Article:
The garment industry is one of the oldest and largest export industries. The industry exemplifies the challenges associated with global manufacturing: low wages, "flexible" contracts and sweatshop conditions. Informal garment and textile workers often experience isolation, invisibility and lack of power, especially those who produce from their homes.
In the garment sector, production can be dispersed to many locations across and within countries. In developed countries, this is associated with outsourcing production to developing countries. In developing countries, production moves within and between countries in search of cheaper/faster labour.
One notable shift has been to China, now the “world’s factory” in many sectors, including garments. Another shift, especially for the high-end fashion industry, has been to the periphery of Europe (Albania, Morocco, Turkey) and the USA’s neighbours (Mexico and Central America).
Transnational companies can move their capital across borders in search of cheaper labour. Small enterprises and individual workers do not have this mobility, and must compete in an increasingly insecure and competitive environment.
Modern production and distribution of garments has created a “the global assembly line” (Carr, Chen and Tate 2000) . Power has shifted from producers to traders and retailers. Buyers set the terms for what is to be produced, by whom, where, when, and at what price (McCormick and Schmitz 2001 ).
Global production and trade are controlled by relatively few corporations. Large retailers, marketers, and manufacturers set up decentralized production networks through which they order the goods and supply the specifications—often with just a click. Tiered networks of contractors produce the finished products for foreign buyers.
Garment production in poorer countries offers needed investment and employment, but there is a competitive requirement “for poorer countries to offer the cheapest workers and the most flexible (unregulated) conditions” (Delahanty 1999: 4 ). In Thailand, for example, a rising global demand for cheap, labour-intensive goods spurred regional competition and put pressure on Thailand’s manufacturers to cut labour and production costs. Casualization of employment and subcontracting emerged as a strategy to circumvent labour laws while cutting labour costs (Doane 2007 ).
Fundamental changes such as the rise of giant discounters (low price, high volume – e.g. Walmart) have also fueled changes. The big retailers can place even greater demands on manufacturers to lower their costs and to produce and ship goods quickly (Bonacich 2000 ).
There are important differences between workers depending on whether they are hired by large factories as core or contract workers, hired by small units, or work under subcontracts from their homes. There are also self-employed garment makers who produce for local customers or markets. Learn more:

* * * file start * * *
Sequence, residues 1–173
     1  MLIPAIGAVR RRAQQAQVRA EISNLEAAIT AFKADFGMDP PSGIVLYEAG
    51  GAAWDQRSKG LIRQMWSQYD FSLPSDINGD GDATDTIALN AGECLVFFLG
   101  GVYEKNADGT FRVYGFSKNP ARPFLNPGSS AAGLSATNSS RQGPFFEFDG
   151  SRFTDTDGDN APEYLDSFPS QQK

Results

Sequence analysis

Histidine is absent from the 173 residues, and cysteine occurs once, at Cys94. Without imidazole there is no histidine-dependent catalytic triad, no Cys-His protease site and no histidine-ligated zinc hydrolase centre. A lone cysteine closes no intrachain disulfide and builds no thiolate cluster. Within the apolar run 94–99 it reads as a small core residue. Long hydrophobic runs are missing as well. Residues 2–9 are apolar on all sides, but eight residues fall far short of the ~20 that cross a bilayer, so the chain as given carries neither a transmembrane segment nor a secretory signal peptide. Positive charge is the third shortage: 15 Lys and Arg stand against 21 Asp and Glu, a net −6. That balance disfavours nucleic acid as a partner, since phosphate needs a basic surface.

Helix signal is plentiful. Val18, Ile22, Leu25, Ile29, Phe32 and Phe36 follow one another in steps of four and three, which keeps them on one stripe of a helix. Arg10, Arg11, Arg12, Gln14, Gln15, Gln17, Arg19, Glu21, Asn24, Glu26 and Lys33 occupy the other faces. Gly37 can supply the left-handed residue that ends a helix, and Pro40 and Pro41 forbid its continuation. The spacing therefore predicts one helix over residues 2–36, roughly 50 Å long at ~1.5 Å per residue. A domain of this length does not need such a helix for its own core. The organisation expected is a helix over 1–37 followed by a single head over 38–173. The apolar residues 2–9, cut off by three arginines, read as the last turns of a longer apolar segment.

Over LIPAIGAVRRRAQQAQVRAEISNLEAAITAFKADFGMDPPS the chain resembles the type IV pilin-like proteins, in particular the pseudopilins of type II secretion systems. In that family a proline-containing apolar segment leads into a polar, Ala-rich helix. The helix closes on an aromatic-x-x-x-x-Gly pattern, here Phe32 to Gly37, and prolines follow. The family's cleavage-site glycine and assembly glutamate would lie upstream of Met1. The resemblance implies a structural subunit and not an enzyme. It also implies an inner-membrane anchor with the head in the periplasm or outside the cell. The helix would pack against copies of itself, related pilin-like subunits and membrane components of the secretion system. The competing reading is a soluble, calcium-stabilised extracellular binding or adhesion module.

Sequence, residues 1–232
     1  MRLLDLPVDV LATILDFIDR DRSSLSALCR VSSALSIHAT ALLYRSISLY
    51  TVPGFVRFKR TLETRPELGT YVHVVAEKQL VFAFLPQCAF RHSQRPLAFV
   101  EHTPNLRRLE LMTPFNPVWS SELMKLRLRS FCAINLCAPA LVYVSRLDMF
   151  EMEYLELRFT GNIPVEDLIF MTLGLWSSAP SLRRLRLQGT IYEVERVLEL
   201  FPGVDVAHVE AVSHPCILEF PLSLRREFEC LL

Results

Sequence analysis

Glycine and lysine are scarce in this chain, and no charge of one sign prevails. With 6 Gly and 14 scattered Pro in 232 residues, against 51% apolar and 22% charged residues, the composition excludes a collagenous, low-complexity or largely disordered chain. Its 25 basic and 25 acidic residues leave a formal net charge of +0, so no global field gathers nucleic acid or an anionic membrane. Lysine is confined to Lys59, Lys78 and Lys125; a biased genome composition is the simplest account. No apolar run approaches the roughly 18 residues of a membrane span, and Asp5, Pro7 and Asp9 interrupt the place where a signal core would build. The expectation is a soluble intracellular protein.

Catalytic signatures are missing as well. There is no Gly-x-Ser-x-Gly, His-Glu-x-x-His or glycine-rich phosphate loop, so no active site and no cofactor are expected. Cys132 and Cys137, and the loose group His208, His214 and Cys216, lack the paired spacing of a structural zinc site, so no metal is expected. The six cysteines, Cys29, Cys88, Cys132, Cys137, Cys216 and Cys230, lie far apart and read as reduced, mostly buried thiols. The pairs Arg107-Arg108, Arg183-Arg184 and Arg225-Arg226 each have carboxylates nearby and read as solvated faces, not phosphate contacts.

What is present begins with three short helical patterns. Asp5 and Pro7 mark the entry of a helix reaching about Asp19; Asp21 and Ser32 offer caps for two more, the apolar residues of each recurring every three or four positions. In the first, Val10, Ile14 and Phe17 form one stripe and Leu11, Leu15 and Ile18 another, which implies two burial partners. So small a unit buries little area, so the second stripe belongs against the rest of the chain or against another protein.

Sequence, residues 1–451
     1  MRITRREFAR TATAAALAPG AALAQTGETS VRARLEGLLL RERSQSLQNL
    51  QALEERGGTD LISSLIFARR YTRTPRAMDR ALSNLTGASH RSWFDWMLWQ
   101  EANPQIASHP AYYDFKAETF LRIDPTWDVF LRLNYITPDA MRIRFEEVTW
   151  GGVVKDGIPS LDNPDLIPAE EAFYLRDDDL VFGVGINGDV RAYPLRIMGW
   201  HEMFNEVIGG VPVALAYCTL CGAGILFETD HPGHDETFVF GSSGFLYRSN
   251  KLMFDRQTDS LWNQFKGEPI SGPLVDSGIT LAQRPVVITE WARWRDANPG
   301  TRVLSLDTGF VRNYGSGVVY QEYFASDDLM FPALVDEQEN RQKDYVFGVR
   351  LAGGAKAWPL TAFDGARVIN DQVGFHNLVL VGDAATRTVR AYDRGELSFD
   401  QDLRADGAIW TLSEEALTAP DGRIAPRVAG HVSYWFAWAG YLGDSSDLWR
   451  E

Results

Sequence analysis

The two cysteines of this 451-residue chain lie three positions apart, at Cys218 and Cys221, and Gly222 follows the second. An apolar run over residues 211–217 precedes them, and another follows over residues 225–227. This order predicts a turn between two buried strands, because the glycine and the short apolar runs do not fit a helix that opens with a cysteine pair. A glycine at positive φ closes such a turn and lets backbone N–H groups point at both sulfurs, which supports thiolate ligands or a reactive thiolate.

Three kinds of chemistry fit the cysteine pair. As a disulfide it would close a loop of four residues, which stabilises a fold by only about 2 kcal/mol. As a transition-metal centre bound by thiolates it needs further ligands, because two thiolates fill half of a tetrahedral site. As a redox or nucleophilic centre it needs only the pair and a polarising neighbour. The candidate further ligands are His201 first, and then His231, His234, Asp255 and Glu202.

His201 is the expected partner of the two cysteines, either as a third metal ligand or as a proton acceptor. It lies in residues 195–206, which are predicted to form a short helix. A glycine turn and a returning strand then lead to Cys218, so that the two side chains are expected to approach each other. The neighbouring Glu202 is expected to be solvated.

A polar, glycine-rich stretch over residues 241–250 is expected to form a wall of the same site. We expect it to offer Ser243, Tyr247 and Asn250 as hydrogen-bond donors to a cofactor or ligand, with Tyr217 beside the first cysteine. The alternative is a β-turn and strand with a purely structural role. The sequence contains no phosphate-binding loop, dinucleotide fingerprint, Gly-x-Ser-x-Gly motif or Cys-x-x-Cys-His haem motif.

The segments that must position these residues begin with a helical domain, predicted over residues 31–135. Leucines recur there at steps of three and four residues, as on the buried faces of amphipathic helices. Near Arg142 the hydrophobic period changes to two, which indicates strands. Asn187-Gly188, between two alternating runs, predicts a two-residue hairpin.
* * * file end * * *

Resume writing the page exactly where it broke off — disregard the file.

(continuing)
While some garment and textile workers are employed in factories or workshops, a large proportion are subcontracted homeworkers who carry out paid work for firms/businesses or their intermediaries, typically on a piece-rate basis, within their own homes (Carr, Chen and Tate 2000 ). Estimates suggest that as much as 60 per cent of garment production, especially of children and women’s clothing, is done at home in both Asia and Latin America (Chen, Sebstad, and O'Connell 1999 ).
Women represent a significant majority of the homeworkers who cut and stitch garments together for the global apparel trade.
See also the Occupational Group: Home-Based Workers .
Available evidence indicates that the use of contract labour, rather than employees, in the export garment sector is widespread in a number of countries, including Bangladesh, India, Pakistan and Turkey.
According to Chan (2013), it occurs in first tier as well as lower tier factories.
Purchasing practices of global garment brands – a demand for lower prices, shorter lead times, and seasonality – drive the high and increasing reliance on contract labour. Chan indicates suppliers also rely on labour contractors due to:
Chan, Man-Kwun. 2013. Contract Labour in Global Garment Supply Chains .
In many countries, the garment industry is the largest employer in manufacturing. However, garment workers are often informally employed and home-based─thus invisible and rarely represented in national statistics (Chen, Sebstad, and O'Connell 1999 ).
In Thailand, the garment industry is the largest export industry, accounting for 60 per cent of total exports (NSO 2012). A survey by the National Statistics Office found that, among subcontracted workers, about half of non-agricultural home-based employment was related to garments and textiles (NSO 2007). Thailand’s Office of Homeworker Protection (OHWP) estimated there were over 950,000 homeworkers in 2005, the majority women. HomeNet Thailand believes the number could be as high as 2 million.